Hello my friend,
In an interview recently, a journalist asked me if I’d always been a determined, “never say die” sort of person. And, if yes, how had the fire developed that side of me?
I thought a lot about how to answer, because in many ways I would say yes.
I’m definitely a “driven” person.
But at the same time, I cry a lot. I am embarrassingly earnest at times. I’m a worrier and over thinker and over analyser.
And I’m not sure if this side of me has changed because of the fire.
But I do think the fire has given me something.
I’m no longer uncomfortable with darkness. I don’t shy away when people share painful stories. And I’m better able to traverse the light and shade that life entails.
I think that’s why I’ve enjoyed podcasting so much.
Truthfully, I wasn’t sure if I’d be any good at it. But I’m loving it. I love talking to people about the challenges they’ve encountered, and what they’ve learned from those experiences.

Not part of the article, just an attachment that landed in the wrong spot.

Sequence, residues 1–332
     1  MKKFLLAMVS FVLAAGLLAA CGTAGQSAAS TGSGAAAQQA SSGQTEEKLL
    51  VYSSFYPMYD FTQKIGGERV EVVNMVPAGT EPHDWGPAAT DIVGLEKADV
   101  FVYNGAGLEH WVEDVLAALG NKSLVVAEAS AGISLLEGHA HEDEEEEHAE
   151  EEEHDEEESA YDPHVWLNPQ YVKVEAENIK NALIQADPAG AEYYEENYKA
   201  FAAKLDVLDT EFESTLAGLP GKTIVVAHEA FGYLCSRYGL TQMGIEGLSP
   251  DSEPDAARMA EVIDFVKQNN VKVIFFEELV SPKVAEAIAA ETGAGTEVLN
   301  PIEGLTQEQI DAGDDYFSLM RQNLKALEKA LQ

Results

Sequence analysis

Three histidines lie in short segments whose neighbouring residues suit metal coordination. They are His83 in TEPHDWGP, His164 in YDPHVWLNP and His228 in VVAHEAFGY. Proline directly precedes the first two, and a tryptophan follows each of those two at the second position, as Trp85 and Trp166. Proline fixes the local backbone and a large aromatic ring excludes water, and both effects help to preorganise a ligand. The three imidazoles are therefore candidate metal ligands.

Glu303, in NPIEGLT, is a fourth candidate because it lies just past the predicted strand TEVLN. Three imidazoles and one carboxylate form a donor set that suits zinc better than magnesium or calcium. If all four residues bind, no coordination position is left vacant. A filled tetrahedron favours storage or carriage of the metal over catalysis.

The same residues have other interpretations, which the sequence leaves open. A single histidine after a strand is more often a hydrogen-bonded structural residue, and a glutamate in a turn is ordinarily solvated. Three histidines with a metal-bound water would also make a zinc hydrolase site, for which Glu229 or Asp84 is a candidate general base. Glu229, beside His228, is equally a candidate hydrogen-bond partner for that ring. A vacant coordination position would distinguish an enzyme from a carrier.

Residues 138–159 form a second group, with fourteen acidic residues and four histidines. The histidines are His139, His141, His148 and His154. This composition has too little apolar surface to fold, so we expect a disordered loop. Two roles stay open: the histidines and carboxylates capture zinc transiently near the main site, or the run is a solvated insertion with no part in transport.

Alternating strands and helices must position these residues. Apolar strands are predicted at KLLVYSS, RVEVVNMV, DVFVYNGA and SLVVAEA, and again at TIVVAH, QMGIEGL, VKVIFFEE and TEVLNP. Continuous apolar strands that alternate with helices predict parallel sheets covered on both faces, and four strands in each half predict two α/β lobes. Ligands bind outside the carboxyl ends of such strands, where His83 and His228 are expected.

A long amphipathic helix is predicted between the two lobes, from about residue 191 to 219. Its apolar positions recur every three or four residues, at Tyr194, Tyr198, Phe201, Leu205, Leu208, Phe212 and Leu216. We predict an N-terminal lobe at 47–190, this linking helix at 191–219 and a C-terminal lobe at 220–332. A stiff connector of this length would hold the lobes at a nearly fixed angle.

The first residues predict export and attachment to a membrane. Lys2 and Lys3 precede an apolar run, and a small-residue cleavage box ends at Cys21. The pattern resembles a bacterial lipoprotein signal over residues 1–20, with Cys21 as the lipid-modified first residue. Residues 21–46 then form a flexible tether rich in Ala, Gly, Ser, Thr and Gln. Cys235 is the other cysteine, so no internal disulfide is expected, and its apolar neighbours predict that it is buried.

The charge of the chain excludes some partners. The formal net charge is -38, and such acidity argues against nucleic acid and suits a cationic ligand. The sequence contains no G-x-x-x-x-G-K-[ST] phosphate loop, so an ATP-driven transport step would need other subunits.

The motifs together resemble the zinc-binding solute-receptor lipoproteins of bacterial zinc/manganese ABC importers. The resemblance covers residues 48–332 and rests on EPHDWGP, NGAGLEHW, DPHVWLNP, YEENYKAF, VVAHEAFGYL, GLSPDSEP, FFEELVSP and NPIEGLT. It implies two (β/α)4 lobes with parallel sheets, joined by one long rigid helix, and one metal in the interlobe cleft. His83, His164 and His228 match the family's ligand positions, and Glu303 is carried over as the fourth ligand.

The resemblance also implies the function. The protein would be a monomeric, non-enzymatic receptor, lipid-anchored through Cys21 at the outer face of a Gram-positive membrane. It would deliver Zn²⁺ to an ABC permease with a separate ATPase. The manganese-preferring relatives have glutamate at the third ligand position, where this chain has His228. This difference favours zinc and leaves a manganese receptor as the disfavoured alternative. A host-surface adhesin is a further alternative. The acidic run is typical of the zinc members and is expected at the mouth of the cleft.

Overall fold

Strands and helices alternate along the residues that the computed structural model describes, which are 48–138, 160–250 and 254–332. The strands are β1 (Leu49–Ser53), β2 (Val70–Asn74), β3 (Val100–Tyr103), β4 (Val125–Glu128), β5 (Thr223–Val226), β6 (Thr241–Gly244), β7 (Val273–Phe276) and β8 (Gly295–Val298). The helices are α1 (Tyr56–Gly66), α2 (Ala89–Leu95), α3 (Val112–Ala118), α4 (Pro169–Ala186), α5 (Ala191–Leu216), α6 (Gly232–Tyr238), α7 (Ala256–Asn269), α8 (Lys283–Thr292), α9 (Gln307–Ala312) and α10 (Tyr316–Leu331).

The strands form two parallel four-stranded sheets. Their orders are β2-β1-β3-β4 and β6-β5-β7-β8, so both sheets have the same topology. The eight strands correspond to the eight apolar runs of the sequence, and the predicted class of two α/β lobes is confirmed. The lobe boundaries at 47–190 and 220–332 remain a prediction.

Like in the last episode of Turia Pitt is Hard Work.
I spoke to the indomitable Linda Burney about her history-making political career (being the first Aboriginal woman to serve in the House of Representatives), connecting with her Aboriginal heritage, how she built resilience through caring for (and losing) her aunt and uncle at a young age, the loss of her husband and son, escaping a violent relationship and why she chose politics as a career path.
Linda is an incredible woman, and I’d love you to listen to our chat.
And what about you?
What have your hardest moments given you?
Are you more empathetic? Are you kinder to yourself?
Do you see life in a new way?
I’d love to know.
Let me know in the comments below.